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Matteo is serving breakfast. Maria-Paola baked the apple cake to the left, which became our padkos.

Walks through the village

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Matteo is passionate about his village

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The village washhouse where Maria-Paola still does some of her washing

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This chimney dates back to 1653

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Just wood and stone

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A little bit of colour comes as a shock

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Gates to the village

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It will take many hours to cross the valleys and mountains to the next villages

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Pigeon holes

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A welcome message for the pilgrim

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Hidden on the outskirts of the village, another church

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Here and there are painted villas which lend some colour to the village

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A chapel at the end of an alley

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The stone pathways – it helps to slow down the flow of rain water

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One of many frescoes on private homes

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A cluster of painted villas

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Beautifully decorated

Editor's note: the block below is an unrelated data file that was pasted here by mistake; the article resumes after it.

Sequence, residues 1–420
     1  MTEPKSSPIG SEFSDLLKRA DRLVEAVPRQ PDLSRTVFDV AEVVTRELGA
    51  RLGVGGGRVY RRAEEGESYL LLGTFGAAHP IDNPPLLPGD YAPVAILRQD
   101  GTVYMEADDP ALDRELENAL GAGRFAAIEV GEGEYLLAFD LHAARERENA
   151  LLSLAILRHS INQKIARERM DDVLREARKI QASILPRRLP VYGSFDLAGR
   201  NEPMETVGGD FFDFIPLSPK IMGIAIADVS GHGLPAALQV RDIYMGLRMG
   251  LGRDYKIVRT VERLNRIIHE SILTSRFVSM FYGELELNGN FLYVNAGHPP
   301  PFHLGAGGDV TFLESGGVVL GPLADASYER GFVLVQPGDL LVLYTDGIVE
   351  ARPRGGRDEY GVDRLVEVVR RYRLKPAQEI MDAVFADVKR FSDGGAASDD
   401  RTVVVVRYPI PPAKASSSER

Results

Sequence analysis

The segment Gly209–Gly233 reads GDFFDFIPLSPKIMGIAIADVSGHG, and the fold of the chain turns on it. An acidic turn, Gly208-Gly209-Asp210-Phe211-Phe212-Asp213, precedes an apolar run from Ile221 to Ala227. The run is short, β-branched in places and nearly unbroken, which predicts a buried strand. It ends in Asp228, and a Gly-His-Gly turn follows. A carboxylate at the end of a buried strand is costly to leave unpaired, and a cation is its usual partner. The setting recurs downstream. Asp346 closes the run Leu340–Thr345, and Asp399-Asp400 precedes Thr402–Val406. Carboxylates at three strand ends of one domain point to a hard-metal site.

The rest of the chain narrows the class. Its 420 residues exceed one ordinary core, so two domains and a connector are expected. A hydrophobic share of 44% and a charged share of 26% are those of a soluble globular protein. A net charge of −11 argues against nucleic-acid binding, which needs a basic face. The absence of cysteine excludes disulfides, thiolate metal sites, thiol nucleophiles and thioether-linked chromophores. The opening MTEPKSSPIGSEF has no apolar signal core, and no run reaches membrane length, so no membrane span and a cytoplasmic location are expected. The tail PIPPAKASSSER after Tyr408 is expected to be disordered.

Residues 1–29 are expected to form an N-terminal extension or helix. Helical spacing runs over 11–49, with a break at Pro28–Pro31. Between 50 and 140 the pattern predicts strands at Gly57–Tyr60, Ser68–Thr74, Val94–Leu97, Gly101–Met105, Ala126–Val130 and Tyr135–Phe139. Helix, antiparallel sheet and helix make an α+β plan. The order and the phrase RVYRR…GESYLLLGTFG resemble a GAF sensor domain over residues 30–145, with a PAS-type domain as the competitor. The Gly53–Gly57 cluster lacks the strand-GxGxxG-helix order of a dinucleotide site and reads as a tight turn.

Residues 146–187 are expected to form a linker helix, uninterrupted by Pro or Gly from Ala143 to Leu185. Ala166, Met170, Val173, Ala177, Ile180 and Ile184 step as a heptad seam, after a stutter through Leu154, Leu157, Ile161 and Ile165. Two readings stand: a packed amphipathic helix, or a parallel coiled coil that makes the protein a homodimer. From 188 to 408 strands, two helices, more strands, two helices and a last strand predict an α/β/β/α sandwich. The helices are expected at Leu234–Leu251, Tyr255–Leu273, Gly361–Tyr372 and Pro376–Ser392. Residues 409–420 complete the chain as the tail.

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After the rain

In the church

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The richly decorated church of Anzino

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Each work of art has a story

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One of the dates against the church wall

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Until the Napoleonic times people were buried inside churches

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Valuable paintings everywhere

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The vestry

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The organ with its 864 pipes built in 1891

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Matteo is the organist as well. He switched the organ to manual mode and Anuta is pumping the bellows

The Stations of the Cross

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A picture taken in the 1930’s of the annual Via Crucial di Anzino procession

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Domodossola

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The capital town of the Ossala region

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Ruins of the huge castle overlooking Domodossola

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Sacro Monte Calvario – the church complex with its Stations of the Cross chapels

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We had never seen it before- – the ancient 3D artwork

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Vogogna

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Lunchtime! Local bread and regional cheese

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The little Vogogna is one of the best preserved medieval villages in Northern Italy

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The last morning

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At last we could see the majestic Monte Rosa from Anzino – the highest mountain in the Alps and Western Europe. The main summit is 4634m. It forms part of the border between Italy and Switzerland.

 

Hy wat nie reis nie…/He who doesn’t travel…

Hy wat nie reis nie…/He who doesn’t travel…